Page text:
I was talking with an African friend one time who himself had a friend who had visited America once. I asked my friend about his friend's most memorable impression of life in America. He told me that his friend said, "in America, people don't get their feet dirty. They live in clean homes and then get into clean cars and drive to clean stores and back home again. Their feet never touch the soil." While this one-time visitor only gleaned a partial truth about life in our culture, it is interesting to view such a way of life when we just left a place where the red dirt permeated your feet, sandals and clothes! This African brother wasn't necessarily even referring to hygiene, but rather proverbially having doubts that we lacked a strong fellowship between us as people because, to him, Americans don't spend alot of time walking down to their neighbor's house to visit and fellowship. While I hygienically prefer cleanliness over dirty feet, how do I challenge his perception and actually engage my neighbors in conversations about their lives? God has called us to dwell in this house in this small town. How do we dwell here? If dwelling is more than just eating, sleeping and playing, how do we minister the love of Jesus from this home into the lives of those people around us? Do we invite these strangers into our home? Do we take our very active household of 4 kids into their house? How do you get to know people, minister to them, and share life with them?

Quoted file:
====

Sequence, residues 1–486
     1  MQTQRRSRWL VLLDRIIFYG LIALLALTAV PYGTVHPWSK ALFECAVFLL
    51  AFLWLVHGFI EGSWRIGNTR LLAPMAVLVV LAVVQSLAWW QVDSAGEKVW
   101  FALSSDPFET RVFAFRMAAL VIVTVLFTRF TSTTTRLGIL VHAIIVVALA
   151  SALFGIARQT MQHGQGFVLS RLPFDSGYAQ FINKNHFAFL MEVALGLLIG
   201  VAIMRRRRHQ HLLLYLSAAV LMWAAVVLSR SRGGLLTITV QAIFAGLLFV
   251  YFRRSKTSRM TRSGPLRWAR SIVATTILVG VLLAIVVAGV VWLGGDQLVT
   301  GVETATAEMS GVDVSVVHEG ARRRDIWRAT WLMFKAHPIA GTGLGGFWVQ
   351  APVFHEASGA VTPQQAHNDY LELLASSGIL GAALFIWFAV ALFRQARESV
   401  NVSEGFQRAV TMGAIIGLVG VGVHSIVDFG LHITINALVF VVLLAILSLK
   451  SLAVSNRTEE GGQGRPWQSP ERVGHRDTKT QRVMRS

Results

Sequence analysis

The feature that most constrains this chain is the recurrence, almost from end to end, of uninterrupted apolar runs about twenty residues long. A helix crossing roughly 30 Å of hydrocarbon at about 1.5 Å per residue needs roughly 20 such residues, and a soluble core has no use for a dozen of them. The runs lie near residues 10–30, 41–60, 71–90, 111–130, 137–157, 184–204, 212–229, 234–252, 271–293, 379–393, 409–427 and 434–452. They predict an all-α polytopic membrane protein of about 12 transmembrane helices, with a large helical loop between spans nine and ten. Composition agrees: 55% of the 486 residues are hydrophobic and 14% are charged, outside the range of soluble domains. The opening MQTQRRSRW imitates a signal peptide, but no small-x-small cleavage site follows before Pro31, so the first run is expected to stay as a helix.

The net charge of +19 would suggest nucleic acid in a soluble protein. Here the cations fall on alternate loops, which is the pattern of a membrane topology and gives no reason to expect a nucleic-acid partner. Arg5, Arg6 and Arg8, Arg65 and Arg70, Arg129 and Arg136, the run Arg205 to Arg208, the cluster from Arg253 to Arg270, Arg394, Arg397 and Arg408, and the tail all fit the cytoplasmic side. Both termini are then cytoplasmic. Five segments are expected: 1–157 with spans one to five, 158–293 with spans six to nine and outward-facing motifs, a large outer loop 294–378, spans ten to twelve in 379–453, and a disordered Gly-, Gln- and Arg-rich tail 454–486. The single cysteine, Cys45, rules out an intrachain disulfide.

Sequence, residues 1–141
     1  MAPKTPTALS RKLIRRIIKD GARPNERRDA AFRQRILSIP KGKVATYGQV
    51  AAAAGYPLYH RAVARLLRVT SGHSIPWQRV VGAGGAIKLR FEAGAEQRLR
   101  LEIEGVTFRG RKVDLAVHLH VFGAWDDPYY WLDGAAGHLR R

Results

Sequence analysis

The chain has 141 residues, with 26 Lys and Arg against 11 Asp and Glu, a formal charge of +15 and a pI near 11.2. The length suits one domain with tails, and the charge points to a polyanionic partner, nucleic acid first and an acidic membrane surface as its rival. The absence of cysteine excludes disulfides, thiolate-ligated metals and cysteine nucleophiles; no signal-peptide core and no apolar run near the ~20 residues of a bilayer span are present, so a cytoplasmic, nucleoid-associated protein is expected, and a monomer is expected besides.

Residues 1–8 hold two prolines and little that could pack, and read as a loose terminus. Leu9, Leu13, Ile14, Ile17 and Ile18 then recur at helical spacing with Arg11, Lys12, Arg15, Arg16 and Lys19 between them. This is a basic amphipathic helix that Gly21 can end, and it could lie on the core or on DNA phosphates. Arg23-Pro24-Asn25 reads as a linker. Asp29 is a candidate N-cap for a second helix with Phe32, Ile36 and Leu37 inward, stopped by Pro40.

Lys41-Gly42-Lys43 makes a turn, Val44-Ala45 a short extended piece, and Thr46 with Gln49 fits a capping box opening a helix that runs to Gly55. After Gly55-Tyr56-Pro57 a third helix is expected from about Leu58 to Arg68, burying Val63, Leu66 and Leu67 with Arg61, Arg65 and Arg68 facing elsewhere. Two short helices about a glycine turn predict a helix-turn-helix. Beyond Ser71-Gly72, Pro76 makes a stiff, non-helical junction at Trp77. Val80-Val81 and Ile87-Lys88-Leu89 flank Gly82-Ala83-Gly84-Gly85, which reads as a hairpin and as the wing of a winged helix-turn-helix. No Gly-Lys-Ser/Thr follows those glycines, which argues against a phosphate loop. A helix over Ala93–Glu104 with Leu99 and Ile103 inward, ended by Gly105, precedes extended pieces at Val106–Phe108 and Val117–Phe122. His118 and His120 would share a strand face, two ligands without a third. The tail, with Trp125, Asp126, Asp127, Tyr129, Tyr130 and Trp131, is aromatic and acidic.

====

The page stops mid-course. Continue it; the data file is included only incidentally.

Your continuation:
OK, that's enough for today. We're experiencing new stuff everyday and having lots of things to talk about in our home. Thank you to all of you local folks who are bringing us meals! What a blessing that is!
Randy and I are finally connected to the internet! We hope to begin blogging regularly again soon. We have been so generously blessed since our return to America! Yes we are daily overwhemled with choices and decisions to be made but this is life in America. Just as it took much time to orient ourselves to the Benin culture, it will take a lot of time to re-orient ourselves to this culture! Our kids are doing wonderful. They have been surrounded by cousins and friends since we arrived and they absolutely LOVE our rent house.
Yesterday we celebrated Lael's 2 year old birthday! What a sweet surprise gift from God she continues to be in our life! It is such a joy to finally be able to share her with our family and friends.
It is wonderful to be back in Texas, surrounded by family and friends! We have been showered with love and blessings! It was so good to enjoy a great 4th of July day with our family...just hanging out, visiting, laughing, sharing stories, and enjoying ALL the kids...15 kids under one roof!
Our days are full already but we are loving it. We are so rich to be covered by the prayers of so many...many in America as well as so many of our friends in Benin. We are blessed.